My 79 XJ-S recently had a mystifying, extremely aggravating problem. At
random, the fuse for the brake lights (15A, #5 in fuse panel) & turn signals
would blow. We isolated it down to the brake light circuit by deliberately
not using the turn signals and waiting for the fuse to blow…
At no regular interval, applying the brakes would cause the fuse to blow.
After examining all accessible wiring and the bulb sockets, my husband
concluded the problem was likely in the brake warning relay, located in the
center console under the rear portion of the ski slope. He removed the
‘relay’ and opened it up. Sure enough, a blob of solder on the brake light
input wire (14 ga green/purple) terminal was touching against the steel case
of the ‘relay’. Closer examination revealed the rivet holding the outer
spade terminal to the inner solder terminal had loosened, allowing poor
contact leading to high resistance producing heat, increasing resistance,
leading to even more heat… This apparently got bad enough that the solder
connecting the coils of wire wrapped around two reed switches (one for each
brake light output) got hot enough to melt somewhat. In addition, a diode
in the circuit was cooked by the heat.
We have no idea what a replacement unit costs, my husband (electronics tech
by profession) decided to repair this simple circuit. He cleaned up the
dirty, overheated terminals, tightened (repeened) the rivet and soldered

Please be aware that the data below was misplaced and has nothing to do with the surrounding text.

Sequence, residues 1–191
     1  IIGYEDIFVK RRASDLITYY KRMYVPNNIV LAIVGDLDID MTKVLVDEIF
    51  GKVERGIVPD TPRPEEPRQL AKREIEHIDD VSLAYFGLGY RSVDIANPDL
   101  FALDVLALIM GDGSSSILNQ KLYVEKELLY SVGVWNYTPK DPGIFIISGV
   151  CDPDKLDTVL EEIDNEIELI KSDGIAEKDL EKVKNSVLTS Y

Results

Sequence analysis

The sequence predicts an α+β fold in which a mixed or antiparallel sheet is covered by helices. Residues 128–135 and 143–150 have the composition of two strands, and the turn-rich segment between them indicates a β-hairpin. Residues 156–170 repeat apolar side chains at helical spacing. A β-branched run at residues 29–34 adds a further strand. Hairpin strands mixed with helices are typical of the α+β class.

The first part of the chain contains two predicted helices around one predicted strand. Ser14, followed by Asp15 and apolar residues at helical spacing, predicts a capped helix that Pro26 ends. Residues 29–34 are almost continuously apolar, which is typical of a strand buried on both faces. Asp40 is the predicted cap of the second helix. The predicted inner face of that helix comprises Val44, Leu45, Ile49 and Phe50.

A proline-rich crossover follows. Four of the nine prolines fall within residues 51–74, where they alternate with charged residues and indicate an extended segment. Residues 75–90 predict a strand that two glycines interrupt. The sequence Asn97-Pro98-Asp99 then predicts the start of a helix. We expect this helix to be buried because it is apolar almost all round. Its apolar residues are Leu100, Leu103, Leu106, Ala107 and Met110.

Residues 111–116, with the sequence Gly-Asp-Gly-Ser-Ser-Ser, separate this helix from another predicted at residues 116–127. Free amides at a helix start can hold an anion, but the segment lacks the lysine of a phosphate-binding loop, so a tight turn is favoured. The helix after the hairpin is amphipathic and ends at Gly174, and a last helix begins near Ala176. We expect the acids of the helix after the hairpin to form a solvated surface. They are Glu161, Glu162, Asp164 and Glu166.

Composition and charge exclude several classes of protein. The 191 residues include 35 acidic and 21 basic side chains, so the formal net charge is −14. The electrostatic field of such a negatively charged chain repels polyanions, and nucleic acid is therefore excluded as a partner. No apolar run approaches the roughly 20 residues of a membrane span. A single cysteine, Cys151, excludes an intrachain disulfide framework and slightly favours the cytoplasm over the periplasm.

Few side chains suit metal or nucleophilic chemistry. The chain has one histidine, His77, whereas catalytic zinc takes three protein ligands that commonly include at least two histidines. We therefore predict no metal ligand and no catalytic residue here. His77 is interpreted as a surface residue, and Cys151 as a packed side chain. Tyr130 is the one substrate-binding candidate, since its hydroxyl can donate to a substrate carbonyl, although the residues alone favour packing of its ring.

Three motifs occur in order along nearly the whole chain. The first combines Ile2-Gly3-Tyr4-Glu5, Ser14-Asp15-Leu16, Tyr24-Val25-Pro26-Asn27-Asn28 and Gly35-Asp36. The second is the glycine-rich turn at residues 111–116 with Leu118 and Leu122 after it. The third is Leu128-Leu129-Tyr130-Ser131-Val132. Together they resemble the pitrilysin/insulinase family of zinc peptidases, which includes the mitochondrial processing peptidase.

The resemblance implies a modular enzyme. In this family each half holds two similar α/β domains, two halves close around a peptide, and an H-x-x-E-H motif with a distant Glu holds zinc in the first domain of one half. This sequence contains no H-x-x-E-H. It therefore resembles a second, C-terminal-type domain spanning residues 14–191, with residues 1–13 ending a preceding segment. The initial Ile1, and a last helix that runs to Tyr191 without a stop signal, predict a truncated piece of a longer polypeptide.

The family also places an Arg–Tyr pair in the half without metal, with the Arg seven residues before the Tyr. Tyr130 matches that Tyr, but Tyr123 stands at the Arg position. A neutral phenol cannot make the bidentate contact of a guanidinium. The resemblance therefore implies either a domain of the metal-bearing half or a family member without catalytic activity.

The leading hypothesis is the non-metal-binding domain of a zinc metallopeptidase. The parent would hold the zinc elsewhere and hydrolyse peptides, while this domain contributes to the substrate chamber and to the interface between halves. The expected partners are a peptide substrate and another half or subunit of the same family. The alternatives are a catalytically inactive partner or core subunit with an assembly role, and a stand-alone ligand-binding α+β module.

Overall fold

both terminals to the rivet. Replacing the diode was also very simple,
nothing special about that component he said, any small rectifier diode
would work there. Reinstalled the ‘relay’, everything works great. Brake
lights are brighter than before (wonder why?), and the IP warning lamp comes
on when it should (either or both brake lights disabled and brakes applied).
For those interested, the XJ-S Parts Catalogue refers to this part as “Stop
Lamp Failure Transmitter” P/N C.42291 (actually this is a better name than
‘brake warning relay’, which is how the ROM puts it). For anyone who knows
which end of a soldering iron to grab, this would be a simple thing to
repair, aside from the aforementioned diode, there is a transistor, a
resistor, and two wire wrapped reed switches inside the can. All components
could be easily replaced with like/similar items from any electronics store.
In case of on the road failures, we made up a simple “Y” jumper with male
1/4" spade terminals at the three ends to connect the three green/pink wires
together. This would bypass the transmitter and continue to allow the brake
lights to work.
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